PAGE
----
How chemistry and project management came together to rejuvenate the nearly 50-year-old bridge

The Louisiana Department of Transportation & Development (LaDOTD) oversees the planning, construction and maintenance of public transportation, including roadways, canals, port facilities, and more than 12,000 bridges.

Preventative maintenance is a top priority when it comes to keeping these bridges safe. Project engineers are always looking for a preservation method that’s efficient and effective while minimizing downtime.

The Vicksburg Bridge is a nearly 2-and-a-half-mile-long bridge built in 1973 that connects Madison Parish in Louisiana to Warren County in Mississippi. When it required repairs on its aging bridge deck, LaDOTD decided to use latex-modified concrete (LMC), or concrete mixed with latex solids, for restoring the surface.  

As a proven method of bridge deck preservation for over 40 years, LMC effectively extends the lifespan of bridge decks far better than unmodified concrete while also reducing traffic disruptions and saving money on repairs in the long run.

Project priorities

Several factors can contribute to bridge deck deterioration, including freeze-thaw cycles, moisture exposure, and de-icing chemicals such as salts, which can penetrate and corrode the steel reinforcing bars within the concrete deck. Water carries oxygen and chloride ions from the salt through the concrete to the reinforcing steel, causing it to oxidize and creating pressure within the concrete.

Over time this creates cracks, potholes and surface degradation that can lead to an unsightly, uncomfortable, and occasionally an unsafe driving surface. Deck preservation helps prevent these issues before they compound and become a safety hazard, as it’s far more expensive to replace an entire bridge deck than to perform the necessary surface maintenance.

Nearing 50 years of age, the time was right for some preventative maintenance for the famous Vicksburg bridge.

“I would say the condition of the bridge deck was a four or five on a scale of one to ten,” says Tim McCallie, Engineering Technician and lead Inspector on the project. “There were several deck panels with concrete falling off and some exposed rebar in places on the deck and the shoulder, but the worst of it was in the truss section of the bridge. In isolated areas it was quite bad, but it needed repairs overall.” 
 
“We always emphasize preventive maintenance,” says Jenny Fu, LaDOTD Bridge Administrator. “We monitor deck conditions, especially on major bridges like those in the Interstate National highway system. We don't want the deck to become an operational issue for the district or a safety issue for the public, so we always use a proactive approach to address deck issues.”

Why LMC?

Modifying concrete with a latex, such as BASF’s STYROFAN® 1186, provides several beneficial properties to the concrete. It adds strength and durability by creating a latex elastic membrane throughout the concrete matrix that reduces voids and slows the corrosion of reinforcing steel, extending the lifespan of the bridge deck.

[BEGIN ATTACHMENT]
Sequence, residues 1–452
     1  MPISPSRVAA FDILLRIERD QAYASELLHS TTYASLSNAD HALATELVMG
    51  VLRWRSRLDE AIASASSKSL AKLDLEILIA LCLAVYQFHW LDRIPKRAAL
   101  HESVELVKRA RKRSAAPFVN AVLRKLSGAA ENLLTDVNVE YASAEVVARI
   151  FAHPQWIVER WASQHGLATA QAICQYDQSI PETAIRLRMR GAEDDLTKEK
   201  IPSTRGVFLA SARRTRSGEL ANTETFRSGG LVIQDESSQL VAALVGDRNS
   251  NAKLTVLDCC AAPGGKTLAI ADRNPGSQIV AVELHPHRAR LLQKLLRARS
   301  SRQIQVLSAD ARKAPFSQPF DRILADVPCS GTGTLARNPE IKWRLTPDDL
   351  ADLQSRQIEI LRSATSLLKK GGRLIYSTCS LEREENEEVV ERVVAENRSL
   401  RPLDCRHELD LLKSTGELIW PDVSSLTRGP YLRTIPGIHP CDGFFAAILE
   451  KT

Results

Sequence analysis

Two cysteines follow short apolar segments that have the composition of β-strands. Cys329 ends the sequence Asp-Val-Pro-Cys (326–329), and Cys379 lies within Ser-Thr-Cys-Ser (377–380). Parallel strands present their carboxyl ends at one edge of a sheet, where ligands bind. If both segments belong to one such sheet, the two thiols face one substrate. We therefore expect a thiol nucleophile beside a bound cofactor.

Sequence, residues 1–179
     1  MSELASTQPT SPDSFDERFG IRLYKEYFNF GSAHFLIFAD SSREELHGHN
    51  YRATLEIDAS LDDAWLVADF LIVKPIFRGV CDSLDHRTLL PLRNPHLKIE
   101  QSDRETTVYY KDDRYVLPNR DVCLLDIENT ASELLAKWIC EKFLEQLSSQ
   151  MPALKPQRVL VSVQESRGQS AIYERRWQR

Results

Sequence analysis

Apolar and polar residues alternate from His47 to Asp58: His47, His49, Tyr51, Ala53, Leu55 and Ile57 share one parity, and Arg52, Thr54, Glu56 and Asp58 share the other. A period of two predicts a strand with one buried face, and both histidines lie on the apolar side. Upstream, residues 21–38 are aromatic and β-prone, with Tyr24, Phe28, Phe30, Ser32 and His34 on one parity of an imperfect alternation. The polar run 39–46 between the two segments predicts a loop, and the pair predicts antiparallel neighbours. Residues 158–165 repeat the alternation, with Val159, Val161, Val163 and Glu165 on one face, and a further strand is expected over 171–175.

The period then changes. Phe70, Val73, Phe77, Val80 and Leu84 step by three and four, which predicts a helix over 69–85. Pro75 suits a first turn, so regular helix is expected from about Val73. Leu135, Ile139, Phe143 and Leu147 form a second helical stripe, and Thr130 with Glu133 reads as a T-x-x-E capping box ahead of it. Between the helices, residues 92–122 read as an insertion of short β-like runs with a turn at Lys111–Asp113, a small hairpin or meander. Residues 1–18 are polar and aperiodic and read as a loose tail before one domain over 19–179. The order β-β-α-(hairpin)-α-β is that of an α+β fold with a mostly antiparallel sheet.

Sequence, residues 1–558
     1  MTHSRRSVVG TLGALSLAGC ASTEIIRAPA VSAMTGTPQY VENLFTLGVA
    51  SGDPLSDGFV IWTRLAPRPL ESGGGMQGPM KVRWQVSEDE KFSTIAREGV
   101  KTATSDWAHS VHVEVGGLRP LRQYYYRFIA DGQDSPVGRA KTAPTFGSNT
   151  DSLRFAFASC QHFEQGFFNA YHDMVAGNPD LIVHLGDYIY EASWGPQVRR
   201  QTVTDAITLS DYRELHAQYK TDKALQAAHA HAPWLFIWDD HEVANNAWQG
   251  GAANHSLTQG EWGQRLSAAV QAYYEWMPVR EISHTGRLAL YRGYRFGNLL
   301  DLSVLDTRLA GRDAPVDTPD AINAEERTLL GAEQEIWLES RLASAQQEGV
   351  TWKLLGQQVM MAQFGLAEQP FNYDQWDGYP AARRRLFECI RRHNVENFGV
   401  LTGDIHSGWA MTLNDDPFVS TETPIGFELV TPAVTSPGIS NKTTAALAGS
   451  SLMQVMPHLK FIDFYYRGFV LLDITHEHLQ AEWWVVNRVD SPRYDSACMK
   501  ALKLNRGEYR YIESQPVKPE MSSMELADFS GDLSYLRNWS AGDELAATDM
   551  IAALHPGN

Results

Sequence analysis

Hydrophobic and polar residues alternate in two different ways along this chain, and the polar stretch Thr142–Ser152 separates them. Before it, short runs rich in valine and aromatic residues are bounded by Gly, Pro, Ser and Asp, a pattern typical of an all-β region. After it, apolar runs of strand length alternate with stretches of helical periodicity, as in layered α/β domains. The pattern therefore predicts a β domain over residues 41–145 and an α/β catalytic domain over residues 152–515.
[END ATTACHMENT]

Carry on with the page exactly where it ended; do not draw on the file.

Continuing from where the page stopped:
It also increases flexural strength, which reduces cracking from temperature fluctuations, and lowers the required water-to-cement ratio, which increases strength and durability.

“We’ve seen LMC performing well in other projects, and we received a lot of input from other States as well,” says Fu. “There are many different options for deck overlays, but our state has been using LMC for projects and it seems to be performing well, and this happened to be a good application for it.”

Preparing for pouring

The Vicksburg Bridge project was one of the largest fast-track hydrodemolition jobs administered by the LaDOTD, with approximately 65,000 square yards of total surface restoration with an inlay of a minimum of one-and-a-half inches.

Before application of LMC, the surface must be adequately prepared. Hydrodemolition is a controlled process that removes layers of damaged concrete using high-pressure water jets. It prepares the surface of the bridge deck by selectively removing deteriorated concrete, resulting in a roughened surface that allows for a stronger bond between the latex and the deck surface.

“This was my first LMC job and first experience with hydrodemolition, and I can say it went very smoothly,” says Douglas Fleming, Project Engineer at District 5. “We tended to be a little bit deeper than the specifications, but it's better to be a little deeper than too shallow, and overall I was very pleased with the milling and hydrodemolition for surface prep.”

A few windy days caused delays in pouring and high moisture content in the supplier’s sand required some adjustments.  However, once those minor issues were addressed, only the bugs put a damper in the project.

“The only real challenge we had was the mayflies,” said Fleming. “But at the end of the day, we had a good team and we didn't have problems with the materials, so overall I was very happy.”

Project results

Overall, the district and the department were both happy with the use of LMC for the project and the end results.

“Speed of application played a huge role in this project, because anytime you close a lane on a major bridge you want to reduce the impact to traffic as much as possible,” McCallie noted. “With the way the hydrodemolition and LMC application progressed, we were able to finish in a relatively short amount of time and with as little disruption to traffic as possible. It also seemed like we were getting a consistent mix, which was really workable too, so I'm very pleased with it.”

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